If you get more of your protein from plants, you’re likely to live longer, a new study has found.
Researchers examined more than 25 years of health records for more than 131,000 people and determined the people who ate more plant-based proteins – bread, cereals, pasta, nuts, beans and vegetables/legumes – lived longer than those who ate more animal-based proteins. The difference is greatest between people who ate more plant proteins and those who ate processed, red-meat-based proteins, such as bacon, sausages and processed meats.
“If you have a choice between animal and plant protein, we would say plant protein is preferred and a better source,” lead researcher Mingyang Song, M.D., from Massachusetts General Hospital, told Time magazine. “But if people have to choose between different animal protein sources, then fish and chicken are probably better sources compared to processed red meat.”
The study by the team of Boston-based researchers was published in the journal JAMA Internal Medicine.
Researchers take deep look at sources, health effects of proteins
Earlier studies have examined the health effects of substituting proteins for carbohydrates, the merits of plant-based fats vs. animal fats and other aspects of plant- and animal-based diets. But this study took an in-depth look at the source of proteins for a large population.
Researchers from Massachusetts General studied data for people who participated in the national Nurses’ Health Study from 1980 to 2012 and the Health Professionals Follow-up Study from 1986 to 2012. In the end, they said, eating more animal protein was weakly associated with higher mortality rates, and eating more plant protein was associated with lower mortality rates.
They said the results were most pronounced among people with at least one lifestyle risk, such as smoking, heavy drinking, obesity and physical inactivity. The factors may be interrelated with diet, the researchers wrote.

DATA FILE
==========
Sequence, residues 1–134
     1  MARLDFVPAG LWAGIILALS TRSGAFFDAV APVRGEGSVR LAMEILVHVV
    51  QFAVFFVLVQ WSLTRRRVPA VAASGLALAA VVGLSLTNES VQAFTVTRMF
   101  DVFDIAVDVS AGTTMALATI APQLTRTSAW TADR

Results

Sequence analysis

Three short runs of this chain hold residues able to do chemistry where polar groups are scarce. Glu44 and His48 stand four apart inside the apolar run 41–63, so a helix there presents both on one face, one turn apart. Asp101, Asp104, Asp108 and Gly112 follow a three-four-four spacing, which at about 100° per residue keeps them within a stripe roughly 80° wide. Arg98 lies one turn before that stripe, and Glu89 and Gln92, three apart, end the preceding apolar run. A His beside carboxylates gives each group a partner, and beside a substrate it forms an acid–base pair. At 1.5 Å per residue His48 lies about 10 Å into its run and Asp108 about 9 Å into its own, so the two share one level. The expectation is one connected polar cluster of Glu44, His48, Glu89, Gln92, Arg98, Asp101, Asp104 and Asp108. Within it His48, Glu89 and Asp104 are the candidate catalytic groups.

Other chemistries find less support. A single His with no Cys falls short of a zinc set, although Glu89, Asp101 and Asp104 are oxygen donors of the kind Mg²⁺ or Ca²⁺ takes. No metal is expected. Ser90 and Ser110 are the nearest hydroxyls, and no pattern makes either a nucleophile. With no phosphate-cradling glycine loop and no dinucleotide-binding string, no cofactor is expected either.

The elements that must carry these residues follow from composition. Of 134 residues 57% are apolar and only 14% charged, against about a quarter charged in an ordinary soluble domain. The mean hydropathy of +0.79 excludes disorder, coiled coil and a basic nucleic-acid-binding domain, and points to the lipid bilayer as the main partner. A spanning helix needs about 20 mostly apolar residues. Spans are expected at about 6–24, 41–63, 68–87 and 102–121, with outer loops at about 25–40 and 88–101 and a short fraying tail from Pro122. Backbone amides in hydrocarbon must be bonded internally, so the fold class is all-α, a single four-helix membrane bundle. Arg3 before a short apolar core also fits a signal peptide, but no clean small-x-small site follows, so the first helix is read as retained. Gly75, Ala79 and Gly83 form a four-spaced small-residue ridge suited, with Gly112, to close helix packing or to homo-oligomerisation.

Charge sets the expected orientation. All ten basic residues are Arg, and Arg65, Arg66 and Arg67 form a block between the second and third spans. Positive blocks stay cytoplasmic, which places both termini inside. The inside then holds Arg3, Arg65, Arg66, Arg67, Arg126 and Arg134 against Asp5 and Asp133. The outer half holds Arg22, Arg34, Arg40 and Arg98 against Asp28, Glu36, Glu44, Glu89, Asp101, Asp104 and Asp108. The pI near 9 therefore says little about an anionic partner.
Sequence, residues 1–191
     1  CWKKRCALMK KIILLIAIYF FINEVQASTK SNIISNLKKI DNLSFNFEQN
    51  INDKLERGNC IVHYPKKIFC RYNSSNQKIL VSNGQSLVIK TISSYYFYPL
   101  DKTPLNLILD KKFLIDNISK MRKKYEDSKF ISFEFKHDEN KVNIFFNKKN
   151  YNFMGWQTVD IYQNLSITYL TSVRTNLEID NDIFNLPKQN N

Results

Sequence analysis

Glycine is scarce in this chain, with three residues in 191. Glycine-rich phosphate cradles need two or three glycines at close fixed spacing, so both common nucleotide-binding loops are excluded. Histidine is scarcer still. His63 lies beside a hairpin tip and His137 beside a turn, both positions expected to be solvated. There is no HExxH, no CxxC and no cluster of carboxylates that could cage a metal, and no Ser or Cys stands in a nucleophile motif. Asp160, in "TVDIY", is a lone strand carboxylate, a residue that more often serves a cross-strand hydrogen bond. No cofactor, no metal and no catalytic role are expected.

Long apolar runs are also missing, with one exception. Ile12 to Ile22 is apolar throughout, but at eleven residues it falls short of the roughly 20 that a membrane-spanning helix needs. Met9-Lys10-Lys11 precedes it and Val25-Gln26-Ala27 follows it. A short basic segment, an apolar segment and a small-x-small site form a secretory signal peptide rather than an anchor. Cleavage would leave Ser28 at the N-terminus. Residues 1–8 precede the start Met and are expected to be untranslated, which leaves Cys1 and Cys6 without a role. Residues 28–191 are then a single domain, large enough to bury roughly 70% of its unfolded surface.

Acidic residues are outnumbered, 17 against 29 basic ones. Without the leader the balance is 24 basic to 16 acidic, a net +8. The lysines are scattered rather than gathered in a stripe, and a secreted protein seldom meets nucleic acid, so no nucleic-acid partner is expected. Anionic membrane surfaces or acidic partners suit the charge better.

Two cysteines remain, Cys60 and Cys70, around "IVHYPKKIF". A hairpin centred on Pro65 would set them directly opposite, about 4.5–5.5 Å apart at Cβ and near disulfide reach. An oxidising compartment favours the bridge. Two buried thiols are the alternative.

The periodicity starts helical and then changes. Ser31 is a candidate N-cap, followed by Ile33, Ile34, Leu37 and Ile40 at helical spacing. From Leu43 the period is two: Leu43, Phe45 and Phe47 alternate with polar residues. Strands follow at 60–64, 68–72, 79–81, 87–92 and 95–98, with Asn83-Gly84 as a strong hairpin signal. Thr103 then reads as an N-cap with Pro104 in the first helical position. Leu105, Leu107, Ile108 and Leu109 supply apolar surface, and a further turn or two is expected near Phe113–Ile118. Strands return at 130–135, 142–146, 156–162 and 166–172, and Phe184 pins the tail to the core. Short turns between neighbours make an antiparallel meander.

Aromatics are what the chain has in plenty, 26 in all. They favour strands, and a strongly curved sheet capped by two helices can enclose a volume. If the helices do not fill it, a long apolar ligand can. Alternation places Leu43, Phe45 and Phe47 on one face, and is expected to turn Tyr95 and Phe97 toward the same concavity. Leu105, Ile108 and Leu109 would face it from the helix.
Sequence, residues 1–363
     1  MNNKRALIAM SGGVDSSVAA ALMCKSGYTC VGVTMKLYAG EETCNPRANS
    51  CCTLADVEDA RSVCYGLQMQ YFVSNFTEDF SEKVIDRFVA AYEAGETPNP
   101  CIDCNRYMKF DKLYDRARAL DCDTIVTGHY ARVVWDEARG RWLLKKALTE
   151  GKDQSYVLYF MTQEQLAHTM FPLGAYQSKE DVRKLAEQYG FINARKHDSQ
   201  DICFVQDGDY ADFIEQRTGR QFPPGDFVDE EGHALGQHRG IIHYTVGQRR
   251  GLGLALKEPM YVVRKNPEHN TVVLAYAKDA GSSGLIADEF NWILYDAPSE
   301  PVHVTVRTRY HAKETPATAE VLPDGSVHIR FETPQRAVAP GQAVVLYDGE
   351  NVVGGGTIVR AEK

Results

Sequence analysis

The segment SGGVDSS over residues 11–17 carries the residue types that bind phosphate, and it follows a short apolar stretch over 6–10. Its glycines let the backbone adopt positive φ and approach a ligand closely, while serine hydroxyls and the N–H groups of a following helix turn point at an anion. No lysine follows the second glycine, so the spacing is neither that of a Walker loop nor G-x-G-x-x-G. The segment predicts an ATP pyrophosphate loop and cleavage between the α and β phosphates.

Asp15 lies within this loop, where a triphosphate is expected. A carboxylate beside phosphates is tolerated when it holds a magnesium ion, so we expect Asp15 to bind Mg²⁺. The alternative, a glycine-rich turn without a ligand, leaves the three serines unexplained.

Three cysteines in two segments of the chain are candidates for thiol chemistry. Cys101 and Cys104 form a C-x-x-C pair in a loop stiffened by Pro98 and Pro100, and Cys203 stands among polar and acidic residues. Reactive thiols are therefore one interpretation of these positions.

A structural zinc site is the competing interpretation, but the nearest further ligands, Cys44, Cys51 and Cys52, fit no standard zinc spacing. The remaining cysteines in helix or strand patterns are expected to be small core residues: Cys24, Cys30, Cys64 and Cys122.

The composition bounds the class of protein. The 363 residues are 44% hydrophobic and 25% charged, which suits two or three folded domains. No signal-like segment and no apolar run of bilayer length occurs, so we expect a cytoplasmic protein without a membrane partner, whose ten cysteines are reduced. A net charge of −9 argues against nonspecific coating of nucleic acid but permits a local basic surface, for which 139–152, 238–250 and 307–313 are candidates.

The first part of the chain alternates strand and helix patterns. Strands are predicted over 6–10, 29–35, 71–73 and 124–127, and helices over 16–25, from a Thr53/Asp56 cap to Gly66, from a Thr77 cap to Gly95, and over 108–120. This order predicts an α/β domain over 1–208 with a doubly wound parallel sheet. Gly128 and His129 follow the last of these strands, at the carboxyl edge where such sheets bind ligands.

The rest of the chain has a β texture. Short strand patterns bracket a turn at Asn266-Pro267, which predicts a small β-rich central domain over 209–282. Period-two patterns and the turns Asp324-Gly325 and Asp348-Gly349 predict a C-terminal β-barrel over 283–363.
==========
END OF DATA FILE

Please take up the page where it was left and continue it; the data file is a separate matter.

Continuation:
“Those with unhealthy lifestyles consumed more processed and unprocessed red meat, whereas the healthy-lifestyle group consumed more fish and chicken as animal protein sources, suggesting that different protein sources, at least in part, contributed to the observed variation in the protein-mortality associations,” according to the study.
Sources of plant-based proteins
If you’d like to add plant-based proteins to your diet, experts say these are good choices:
- Soy, as in tofu
- Pita bread and hummus
- Peanut butter
- Green peas
- Leafy greens, such as spinach
Take stock of your diet
The Boston study is available at the JAMA Internal Medicine website.
The U.S. Department of Agriculture has built SuperTracker, a deep resource for checking nutritional information, monitoring your food intake, tracking your physical activity and even creating group challenges.
Providence has many resources for those looking to improve or maintain their diets. Our nutrition services include trackers, meal planning guides and informational videos, as well as links to clinics and providers.
You can discuss your diet with your nutritionist or other health care provider. If you don’t have a provider, you can find a Providence provider here.